As a late-season snow began to fall, Jessica, a mail carrier for the United States Postal Service, sped down a country road in upstate New York toward the next mailbox along her route. Her left hand steadied the wheel of her nearly 10-year-old Jeep Compass as she slowed in front of the mailbox. With her right, she grabbed a few magazines and slid them into the box. Accelerating again, she checked the bank of the road to make sure it wasn’t too rough or muddy: She’s gotten stuck in ditches and suffered flat tires before, and there’s no cell-phone service on these roads.
I watched from the back as Jessica steered her car down hilly, unpaved roads, keeping her pace even as hail began to fly through the car’s open windows. She’s one of four mail carriers for a small town a few miles from the Canadian border. The town, and the ones around it, have seen better days: The mills closed decades ago, and the county’s sole remaining factory has threatened multiple times to outsource jobs. Most of the retail in the area is gone too; at the closest mall, about a half an hour away, there are fewer than a dozen stores still open, and the next closest shopping center is a two-hour drive.
This “retail apocalypse,” brought about by private equity and the rise of e-commerce, has in turn made Amazon even more essential for the people in Jessica’s area; for those who work long hours, have to watch their kids, or can’t spend a fortune on gas, driving two hours to buy a television or new clothes isn’t an option. They have no choice but to shop on the Internet, which means that the back of Jessica’s vehicle is filled with more packages than ever before. The packages would be hard enough on their own, since Jessica often has to get out and trudge through the snow to deliver them, but they’re not the worst of her worries: For upwards of a year, half the positions at Jessica’s postal station were vacant.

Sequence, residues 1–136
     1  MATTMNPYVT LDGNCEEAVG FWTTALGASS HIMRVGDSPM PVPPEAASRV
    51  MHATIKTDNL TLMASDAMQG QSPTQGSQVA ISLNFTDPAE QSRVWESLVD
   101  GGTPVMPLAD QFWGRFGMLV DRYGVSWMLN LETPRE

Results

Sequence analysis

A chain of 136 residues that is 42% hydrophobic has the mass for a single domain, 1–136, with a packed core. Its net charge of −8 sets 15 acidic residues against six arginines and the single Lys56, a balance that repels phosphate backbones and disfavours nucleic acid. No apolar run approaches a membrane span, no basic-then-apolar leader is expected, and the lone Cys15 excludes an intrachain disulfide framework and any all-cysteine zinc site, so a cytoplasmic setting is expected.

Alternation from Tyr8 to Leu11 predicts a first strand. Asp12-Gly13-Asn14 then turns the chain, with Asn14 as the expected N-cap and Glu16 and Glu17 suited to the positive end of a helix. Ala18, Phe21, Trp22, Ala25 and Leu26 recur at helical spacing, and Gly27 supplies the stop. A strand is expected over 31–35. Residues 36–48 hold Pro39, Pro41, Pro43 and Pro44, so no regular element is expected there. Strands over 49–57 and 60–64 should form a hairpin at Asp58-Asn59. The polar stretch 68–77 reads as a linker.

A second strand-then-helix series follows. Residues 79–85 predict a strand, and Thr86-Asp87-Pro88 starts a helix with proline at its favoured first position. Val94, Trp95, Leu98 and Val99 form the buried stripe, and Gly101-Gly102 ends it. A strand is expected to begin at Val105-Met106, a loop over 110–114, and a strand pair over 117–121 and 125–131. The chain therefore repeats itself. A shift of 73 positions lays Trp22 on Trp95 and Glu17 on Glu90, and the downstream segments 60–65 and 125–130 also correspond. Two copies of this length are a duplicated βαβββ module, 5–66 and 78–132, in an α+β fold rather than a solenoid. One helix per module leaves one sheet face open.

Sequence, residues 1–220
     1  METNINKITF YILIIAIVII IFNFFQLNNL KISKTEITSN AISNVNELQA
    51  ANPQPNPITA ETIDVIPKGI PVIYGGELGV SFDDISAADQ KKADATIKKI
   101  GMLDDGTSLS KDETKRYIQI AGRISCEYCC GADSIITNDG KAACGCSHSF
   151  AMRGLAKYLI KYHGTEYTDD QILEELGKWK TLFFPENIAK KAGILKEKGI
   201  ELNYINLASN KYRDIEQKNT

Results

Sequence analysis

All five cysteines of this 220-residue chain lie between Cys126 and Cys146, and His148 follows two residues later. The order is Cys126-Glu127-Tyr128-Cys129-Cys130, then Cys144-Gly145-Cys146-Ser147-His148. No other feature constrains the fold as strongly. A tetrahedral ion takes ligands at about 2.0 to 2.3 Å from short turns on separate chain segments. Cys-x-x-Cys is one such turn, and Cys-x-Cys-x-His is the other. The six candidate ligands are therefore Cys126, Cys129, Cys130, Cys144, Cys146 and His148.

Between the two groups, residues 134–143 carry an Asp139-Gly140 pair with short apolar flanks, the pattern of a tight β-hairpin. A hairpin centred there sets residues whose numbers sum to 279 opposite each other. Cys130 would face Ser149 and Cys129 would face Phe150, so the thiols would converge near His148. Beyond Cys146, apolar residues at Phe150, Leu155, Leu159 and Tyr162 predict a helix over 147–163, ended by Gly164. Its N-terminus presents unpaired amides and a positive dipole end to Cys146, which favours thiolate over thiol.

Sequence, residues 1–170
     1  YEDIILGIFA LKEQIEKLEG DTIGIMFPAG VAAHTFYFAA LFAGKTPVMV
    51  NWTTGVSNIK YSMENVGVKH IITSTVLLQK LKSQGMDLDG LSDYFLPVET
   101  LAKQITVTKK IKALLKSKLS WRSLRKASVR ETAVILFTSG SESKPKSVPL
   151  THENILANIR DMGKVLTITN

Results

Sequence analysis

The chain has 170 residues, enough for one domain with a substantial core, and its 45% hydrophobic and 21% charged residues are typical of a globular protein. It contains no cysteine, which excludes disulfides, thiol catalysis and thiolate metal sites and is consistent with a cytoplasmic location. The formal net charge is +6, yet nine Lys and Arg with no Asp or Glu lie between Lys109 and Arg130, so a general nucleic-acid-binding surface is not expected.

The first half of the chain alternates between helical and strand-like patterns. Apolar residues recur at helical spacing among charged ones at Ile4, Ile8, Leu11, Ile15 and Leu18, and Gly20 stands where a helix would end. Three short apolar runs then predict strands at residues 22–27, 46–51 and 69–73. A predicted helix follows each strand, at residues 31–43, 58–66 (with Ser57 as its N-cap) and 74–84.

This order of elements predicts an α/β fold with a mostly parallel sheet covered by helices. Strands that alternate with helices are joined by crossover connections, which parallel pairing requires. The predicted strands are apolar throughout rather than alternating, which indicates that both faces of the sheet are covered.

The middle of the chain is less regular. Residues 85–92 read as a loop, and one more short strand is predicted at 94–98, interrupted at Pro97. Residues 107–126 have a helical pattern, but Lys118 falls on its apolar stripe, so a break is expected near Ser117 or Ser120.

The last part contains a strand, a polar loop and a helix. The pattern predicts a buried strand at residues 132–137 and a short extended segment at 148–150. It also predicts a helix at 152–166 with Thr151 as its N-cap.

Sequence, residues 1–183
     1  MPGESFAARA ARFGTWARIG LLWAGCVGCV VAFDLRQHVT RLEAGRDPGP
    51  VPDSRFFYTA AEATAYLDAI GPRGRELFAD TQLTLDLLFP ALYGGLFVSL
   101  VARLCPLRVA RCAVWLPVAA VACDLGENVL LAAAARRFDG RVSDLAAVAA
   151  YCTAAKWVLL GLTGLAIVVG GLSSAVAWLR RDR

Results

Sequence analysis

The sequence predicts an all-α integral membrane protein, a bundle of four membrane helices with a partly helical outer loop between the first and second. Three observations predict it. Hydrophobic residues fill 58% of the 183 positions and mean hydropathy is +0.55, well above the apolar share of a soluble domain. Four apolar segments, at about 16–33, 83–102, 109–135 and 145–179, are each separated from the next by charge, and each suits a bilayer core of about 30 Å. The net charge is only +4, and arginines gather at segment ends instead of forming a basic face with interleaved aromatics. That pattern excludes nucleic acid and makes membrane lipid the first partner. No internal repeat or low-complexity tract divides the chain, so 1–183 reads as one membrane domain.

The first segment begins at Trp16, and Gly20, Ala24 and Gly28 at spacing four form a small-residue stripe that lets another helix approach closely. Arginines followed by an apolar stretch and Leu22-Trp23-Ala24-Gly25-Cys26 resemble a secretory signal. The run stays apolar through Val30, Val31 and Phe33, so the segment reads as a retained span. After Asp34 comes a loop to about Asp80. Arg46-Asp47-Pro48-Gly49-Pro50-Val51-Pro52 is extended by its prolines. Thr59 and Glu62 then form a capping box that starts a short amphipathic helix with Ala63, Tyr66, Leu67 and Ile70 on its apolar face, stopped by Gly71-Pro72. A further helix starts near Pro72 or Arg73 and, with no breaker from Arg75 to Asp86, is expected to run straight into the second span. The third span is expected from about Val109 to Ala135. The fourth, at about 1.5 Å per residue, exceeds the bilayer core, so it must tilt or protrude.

“This is the first time in years we’ve had a fully staffed office,” Jessica says. “I had to do double the work, which got to be exhausting, and very stressful.”
Jessica, who asked that her full name and station not be printed because she’s not authorized to speak to the press, is a rural mail carrier, one of more than 100,000 postal employees responsible for bringing mail to the most remote American households. She’s worked with the USPS for five years, but is technically still a “rural carrier associate” (RCA), a part-time employee who substitutes for the full-time carriers in her station.
She and other rural carriers deliver letters and packages in areas where private companies like FedEx and UPS can’t make a profit, and in small towns where brick-and-mortar stores have been vanishing. This means that Amazon, which ships an estimated 40 percent of its packages through the USPS, relies on the agency even more in rural areas, where no one else will fulfill its orders.
It’s in towns like Jessica’s that the Postal Service is most indispensable as a public institution, but rural areas are also where the agency’s recent cutbacks have been the most debilitating. As the USPS has phased in workforce cuts over the past decade, it has created what amounts to a labor shortage at the country’s smaller stations. Across rural America, routes are vacant, offices are understaffed, and turnover rates are high.
“Before the most recent RCA on the [station’s] other route, we went through three or four in a year,” Jessica said. “They’d train the new ones when they came in, and they’d be gone in a few weeks. Some of them just weren’t ready for how intense the job was.”
Nearly a dozen rural carriers who spoke for this article described the consequences of this labor shortage. Their routes have gotten longer and more packages have filled the backs of their cars, often keeping them out past dark on unlit roads. They’ve all been called on days off and ordered to work unfamiliar routes in far-off towns. They’ve worked double-length days for no extra pay. Taken together, their experiences represent a grave threat to one of the country’s most essential public institutions.
“A lot of people have started to depend on us,” Jessica told me as she left an Amish farm and drove down another dirt road. “They don’t just get bills from us—it’s farm supplies, food, presents, everything. And a lot of that stuff you can’t get around here anymore.”